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Module 1: Docker, the DevOps Deity
Module 2: Docker Installation
Module 3: Run Docker Instead of Docker Running You
Module 4: Docker Universe
Module 5: Docker Networks
Module 6: Docker Volumes
Module 7: Docker Compose
Module 8: Portainer: Dock your Containers Visually
This course will cover the basics of docker for a person with little to no prior knowledge of Docker. It will start from things like setting up Docker on Linux and Windows platforms.
Welcome to Intro to Docker. We will discuss what a container is, and how it compares to traditional modes of virtualization, both advantages and disadvantages. Docker commands, syntaxes and flags will be learned to familiarize ourselves and use Docker to its best capabilities. And we will learn how to create and utilize containers. We will learn about docker hub and Docker images; how to acquire them, modify them, how to build them yourself, and also how to integrate automated builds into your Docker ecosystem. We will dive into Docker networking, how containers interact with each other and accessing them from the outer environment. Then Docker volumes will be discussed; different types of storage in docker, and mounting local drives volumes into your docker containers are some of the topics that will be covered here. We also will look into Docker Compose and how to make using Docker much more efficient and consistent. Finally, you’ll be introduced to a tool to make your Docker work and management a breeze by providing a frontend for you to do your tasks.
The prerequisites for this course include the ablility to operate a computer (Linux or Windows), the ability to install programs on the system, and basic command line terminal literacy. Basic knowledge of network terminology and virtualization is also recommended.
By the end of this course, students should be able to:
- Understand what Docker is, and what a container is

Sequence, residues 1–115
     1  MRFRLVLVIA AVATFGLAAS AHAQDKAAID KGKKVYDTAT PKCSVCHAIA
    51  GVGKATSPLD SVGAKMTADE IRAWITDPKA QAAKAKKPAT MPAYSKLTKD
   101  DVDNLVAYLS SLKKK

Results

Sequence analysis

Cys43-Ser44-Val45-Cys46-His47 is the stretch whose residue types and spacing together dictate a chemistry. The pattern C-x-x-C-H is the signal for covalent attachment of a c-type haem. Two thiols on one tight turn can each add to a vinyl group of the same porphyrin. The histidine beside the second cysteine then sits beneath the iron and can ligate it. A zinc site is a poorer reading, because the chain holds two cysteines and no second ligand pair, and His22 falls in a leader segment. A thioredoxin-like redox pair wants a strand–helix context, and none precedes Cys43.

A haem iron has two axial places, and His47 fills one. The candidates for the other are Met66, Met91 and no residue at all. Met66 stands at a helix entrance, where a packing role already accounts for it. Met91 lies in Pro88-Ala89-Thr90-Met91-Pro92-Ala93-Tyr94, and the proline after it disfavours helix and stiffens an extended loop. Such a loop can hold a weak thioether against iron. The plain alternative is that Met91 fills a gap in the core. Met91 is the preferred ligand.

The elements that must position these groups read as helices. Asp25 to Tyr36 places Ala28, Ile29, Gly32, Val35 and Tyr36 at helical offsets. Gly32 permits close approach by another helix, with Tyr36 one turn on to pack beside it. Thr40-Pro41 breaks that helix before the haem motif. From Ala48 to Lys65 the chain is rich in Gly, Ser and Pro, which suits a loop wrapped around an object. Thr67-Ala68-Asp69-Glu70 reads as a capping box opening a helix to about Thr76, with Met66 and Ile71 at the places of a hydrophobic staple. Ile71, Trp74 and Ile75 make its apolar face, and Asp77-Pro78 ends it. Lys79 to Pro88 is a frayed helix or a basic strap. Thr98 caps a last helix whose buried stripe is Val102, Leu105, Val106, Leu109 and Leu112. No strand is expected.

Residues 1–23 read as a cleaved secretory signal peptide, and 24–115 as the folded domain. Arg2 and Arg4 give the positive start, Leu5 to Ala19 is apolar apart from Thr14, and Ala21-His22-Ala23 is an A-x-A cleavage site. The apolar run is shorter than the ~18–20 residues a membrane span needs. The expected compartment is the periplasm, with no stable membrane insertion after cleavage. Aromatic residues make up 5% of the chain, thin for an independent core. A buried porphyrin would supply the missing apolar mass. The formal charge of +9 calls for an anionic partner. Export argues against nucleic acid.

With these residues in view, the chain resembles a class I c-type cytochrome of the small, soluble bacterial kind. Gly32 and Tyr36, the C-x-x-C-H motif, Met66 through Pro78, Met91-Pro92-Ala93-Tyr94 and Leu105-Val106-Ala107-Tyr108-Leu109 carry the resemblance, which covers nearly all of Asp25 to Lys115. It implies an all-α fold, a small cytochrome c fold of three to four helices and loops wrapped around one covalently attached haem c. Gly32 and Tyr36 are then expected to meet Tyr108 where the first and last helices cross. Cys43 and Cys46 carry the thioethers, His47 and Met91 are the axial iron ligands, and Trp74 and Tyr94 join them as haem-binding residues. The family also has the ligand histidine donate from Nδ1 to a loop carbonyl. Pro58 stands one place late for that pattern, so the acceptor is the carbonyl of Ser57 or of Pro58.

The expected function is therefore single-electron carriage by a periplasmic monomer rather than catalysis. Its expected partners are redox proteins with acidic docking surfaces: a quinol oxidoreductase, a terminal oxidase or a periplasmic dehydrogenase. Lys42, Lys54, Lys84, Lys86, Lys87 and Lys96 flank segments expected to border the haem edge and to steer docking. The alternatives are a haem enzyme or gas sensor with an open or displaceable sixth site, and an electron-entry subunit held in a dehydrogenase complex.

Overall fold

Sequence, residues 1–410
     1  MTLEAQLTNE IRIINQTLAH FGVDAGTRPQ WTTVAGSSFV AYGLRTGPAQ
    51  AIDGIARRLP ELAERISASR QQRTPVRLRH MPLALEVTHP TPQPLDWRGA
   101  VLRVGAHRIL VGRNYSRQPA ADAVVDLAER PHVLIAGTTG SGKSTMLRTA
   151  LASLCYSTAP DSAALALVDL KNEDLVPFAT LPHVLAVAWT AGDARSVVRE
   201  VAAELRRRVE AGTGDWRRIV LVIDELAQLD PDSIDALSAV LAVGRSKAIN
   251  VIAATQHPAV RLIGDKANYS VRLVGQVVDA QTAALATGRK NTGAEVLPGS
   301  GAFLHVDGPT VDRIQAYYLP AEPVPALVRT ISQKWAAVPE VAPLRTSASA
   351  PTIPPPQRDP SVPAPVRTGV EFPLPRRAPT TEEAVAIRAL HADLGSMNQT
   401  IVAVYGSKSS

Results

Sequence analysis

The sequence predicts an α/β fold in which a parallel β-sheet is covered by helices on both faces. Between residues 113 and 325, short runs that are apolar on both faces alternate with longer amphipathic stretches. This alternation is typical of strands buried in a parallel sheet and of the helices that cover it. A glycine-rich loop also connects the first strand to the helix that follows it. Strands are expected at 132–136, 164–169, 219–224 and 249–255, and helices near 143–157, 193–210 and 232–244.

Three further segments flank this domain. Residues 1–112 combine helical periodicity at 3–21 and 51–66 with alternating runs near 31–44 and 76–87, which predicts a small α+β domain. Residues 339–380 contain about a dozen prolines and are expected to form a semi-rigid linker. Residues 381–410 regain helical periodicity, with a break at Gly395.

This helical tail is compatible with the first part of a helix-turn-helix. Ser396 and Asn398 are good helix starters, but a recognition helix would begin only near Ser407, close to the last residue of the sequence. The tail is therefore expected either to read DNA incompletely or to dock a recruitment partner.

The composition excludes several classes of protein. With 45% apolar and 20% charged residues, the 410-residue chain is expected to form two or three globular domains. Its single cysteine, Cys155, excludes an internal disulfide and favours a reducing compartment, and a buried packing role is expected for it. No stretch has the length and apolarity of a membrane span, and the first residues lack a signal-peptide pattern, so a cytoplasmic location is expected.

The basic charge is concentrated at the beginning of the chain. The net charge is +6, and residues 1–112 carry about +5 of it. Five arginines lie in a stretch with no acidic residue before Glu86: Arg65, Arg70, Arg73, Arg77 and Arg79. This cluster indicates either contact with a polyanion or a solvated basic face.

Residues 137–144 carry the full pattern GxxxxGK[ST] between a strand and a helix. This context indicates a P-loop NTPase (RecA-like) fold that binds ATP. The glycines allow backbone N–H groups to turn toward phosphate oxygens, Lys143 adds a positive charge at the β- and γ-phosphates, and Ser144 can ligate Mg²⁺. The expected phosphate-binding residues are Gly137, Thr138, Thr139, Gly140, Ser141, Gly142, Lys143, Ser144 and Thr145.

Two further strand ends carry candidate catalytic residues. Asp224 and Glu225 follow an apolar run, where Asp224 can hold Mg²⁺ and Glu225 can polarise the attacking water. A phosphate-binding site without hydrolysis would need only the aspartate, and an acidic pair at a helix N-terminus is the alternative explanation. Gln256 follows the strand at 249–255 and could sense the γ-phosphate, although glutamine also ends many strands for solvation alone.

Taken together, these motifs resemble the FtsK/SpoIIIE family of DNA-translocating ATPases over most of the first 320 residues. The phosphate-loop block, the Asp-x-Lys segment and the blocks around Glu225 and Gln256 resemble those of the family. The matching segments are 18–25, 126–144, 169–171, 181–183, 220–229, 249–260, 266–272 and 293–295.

- Understand jow Docker compares to other methods of virtualization
- Understand the internals of Docker, terminology and architecture
- Get Docker running on a Linux or a Windows PC
- Get a container running, and view information pertaining to Docker and its components
- Build Docker images
- Utilize Docker Hub
- Understand networking in Docker
- Understand storage in Docker
- Understand basic usage of Docker Compose
- Use Portainer to make managing Docker and its components easier
For developers, thinking about writing code for a variety of machines, applications and devices can be worrisome. Not knowing exactly how the user will interact with their code can meaning reducing their flexibility.
By learning Docker and taking a Docker certification training, developers can utilize Docker to create, deploy, and run applications using containers. The containers help manipulate what a developer codes to ship out to any application that would use it, and it eliminates the worry for the developer of any customized settings the device may have.
What is Docker?
Docker is a tool for developers to package up an application using containers to ensure what they’re creating gets delivered to the user device correctly, despite any preset settings or customizations that are different from the device the code was tested on.
A container is a standard unit of software. It packages code to help an application run quicker and reliably despite the computing environment.